Just as they had finished, granny came out with the tea-tray, and spreading the table again with a tempting meal, drew it up before their visitor, and while Miss Grace ate and drank, they sat and talked to her, and presently Mrs. Dawson poured into her sympathetic ear all their difficulties about the school for Jessie. Miss Grace listened with the greatest attention, the matter seemed to interest her immensely, far more, in fact, than it did Jessie, indeed Jessie wished very much that they would talk of something else, for Miss Grace grew quite quiet and thoughtful, and ceased to notice the pretty things about her, or to talk of things that were interesting to Jessie, and Jessie was sorry. She became interested enough, though, presently, when Miss Grace, having finished her tea and risen to go, suddenly said—
“Well, Mrs. Dawson, I think you will have to let me solve the difficulty of Jessie’s education for you, and there is nothing I should like better. You see, our home is quite twenty minutes’ walk nearer you than the school-house, and if you will let Jessie come to me, instead of going to school, I will teach her to the best of my ability, and enjoy doing so. At any rate, while she is a little thing. You see, she would not have to come and go twice a day, in fact, she need hardly come every day—but we can arrange the details later, if you agree to it. Now think it over well, and we will talk about it again in a few days’ time. And don’t say ‘no,’ because you think it will be too much for me to do, for I should love to educate and train a little girl in the way I think she should be trained. It will be for me a most interesting experience. Now, Jessie, what do you say? Would you like to come to school with me?”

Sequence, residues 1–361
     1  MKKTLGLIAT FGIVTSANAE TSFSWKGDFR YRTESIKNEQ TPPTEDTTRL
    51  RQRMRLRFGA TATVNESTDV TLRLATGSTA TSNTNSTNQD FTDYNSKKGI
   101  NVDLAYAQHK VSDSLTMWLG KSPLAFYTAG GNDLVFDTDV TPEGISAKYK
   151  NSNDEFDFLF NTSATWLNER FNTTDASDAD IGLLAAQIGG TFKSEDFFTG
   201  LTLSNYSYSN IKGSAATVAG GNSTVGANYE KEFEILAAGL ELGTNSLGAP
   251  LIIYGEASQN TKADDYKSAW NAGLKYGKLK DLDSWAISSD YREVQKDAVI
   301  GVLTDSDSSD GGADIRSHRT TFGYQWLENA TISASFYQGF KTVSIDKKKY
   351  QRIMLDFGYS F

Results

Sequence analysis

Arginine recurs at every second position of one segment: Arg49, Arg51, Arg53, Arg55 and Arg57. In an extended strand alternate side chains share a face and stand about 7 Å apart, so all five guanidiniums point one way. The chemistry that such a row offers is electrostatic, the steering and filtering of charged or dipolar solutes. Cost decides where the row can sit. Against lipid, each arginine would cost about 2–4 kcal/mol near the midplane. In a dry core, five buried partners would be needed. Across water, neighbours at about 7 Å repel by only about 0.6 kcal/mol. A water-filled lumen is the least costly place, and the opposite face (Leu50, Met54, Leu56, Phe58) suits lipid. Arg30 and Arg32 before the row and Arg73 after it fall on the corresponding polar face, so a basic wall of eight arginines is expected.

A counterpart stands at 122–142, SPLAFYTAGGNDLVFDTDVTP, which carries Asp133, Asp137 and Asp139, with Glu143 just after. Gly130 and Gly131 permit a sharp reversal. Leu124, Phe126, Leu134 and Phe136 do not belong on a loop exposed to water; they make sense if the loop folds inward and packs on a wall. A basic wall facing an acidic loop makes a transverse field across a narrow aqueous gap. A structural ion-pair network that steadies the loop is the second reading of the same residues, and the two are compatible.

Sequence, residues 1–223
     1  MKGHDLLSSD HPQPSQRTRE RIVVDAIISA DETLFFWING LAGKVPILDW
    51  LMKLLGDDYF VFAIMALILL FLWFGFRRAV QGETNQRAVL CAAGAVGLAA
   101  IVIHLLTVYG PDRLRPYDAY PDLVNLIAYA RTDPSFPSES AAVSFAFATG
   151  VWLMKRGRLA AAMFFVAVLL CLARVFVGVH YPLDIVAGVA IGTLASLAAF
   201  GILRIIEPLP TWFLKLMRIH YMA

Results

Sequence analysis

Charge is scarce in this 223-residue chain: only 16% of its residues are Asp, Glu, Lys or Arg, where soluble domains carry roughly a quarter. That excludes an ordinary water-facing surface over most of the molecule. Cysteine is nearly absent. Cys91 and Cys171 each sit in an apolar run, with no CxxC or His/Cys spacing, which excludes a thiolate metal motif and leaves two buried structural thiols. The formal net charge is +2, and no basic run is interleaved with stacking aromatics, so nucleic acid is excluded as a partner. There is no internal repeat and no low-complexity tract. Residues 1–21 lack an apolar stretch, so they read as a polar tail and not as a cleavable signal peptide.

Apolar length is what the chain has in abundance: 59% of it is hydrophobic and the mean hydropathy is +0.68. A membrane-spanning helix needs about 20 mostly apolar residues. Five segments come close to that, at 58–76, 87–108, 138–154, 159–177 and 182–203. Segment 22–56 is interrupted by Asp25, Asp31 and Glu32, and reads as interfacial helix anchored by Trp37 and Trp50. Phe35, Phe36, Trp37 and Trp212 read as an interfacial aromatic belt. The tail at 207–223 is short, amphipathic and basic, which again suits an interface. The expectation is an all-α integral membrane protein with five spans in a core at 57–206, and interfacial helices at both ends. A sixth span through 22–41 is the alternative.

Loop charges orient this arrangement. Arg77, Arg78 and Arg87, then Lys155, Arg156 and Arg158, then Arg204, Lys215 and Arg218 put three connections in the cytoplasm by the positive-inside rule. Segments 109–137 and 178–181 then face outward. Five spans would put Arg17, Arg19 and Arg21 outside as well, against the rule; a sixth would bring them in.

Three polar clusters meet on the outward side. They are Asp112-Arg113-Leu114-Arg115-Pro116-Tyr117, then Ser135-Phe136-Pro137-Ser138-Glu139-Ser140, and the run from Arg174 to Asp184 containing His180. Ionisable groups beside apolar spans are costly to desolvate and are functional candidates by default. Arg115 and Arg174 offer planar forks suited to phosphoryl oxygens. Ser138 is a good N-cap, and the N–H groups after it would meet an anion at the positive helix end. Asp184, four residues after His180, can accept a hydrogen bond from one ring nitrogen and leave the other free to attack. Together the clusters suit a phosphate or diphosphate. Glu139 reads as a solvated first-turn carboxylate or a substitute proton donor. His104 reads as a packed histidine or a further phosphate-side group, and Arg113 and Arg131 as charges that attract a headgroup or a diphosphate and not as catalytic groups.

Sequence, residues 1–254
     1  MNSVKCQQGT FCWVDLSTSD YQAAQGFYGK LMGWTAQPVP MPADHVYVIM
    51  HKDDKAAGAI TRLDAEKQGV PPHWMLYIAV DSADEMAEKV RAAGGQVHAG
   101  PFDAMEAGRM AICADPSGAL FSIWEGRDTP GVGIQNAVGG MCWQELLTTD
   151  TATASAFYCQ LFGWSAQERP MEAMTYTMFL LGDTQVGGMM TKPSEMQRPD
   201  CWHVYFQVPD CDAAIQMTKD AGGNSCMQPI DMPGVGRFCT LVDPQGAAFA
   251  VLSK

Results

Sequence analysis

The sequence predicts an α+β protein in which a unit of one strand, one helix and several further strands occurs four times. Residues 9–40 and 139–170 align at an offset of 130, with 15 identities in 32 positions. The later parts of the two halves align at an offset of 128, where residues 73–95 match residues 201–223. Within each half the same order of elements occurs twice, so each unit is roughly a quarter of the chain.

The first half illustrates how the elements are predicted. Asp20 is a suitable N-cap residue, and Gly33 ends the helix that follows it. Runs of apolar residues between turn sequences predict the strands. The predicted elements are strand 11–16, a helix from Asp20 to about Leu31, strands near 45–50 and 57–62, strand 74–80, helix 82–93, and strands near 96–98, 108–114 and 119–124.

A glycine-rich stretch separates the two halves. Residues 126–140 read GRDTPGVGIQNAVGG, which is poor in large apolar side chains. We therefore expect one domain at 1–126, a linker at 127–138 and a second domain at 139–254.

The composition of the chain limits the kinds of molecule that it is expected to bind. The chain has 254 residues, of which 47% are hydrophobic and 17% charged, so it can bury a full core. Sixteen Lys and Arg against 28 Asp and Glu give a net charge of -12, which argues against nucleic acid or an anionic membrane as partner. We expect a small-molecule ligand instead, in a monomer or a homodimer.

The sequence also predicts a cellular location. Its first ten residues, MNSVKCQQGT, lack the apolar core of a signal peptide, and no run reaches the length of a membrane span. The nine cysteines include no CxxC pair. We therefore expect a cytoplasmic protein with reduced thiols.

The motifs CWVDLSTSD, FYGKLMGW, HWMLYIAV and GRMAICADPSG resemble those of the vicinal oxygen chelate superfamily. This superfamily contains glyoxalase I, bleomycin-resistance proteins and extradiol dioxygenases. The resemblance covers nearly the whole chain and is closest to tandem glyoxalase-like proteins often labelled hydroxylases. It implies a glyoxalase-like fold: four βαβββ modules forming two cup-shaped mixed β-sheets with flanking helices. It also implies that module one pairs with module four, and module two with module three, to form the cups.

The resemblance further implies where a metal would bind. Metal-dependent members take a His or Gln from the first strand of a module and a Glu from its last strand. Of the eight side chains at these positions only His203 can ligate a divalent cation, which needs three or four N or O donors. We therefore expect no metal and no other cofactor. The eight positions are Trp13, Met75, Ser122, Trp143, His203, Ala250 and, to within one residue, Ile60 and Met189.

“Like it!” Neither Jessie nor her grandparents could find words to say how much they would like it, nor how grateful they were to Miss Barley; but at the same time they did feel it was too much for them to accept of her. Before, though, they had found words to express their feeling, or had stammered out half their thanks, the sound of the church bells came floating up across the fields, a signal to them all to part.
“I must fly,” cried Miss Grace. “Do you think I can run through the lanes without shocking any one? I must go home before I go to church, or my sister will be quite alarmed,” and away she hurried as fast as she could.
Patience had only time to carry in the tea-things, and leave them to wash on her return, for she had herself and Jessie to dress and get ready.
They were in time though, after all, for their feet kept pace with their happy thoughts and busy tongues, and there was no lingering on the way that evening.
Granp and granny did not hold out very long against Miss Grace Barley’s plan, and in a short time all arrangements were made, and it was settled that Jessie was to go to Miss Barley’s pretty house by the green every morning at ten, and to leave it at twelve, so that she might meet her grandfather as he went home to his dinner.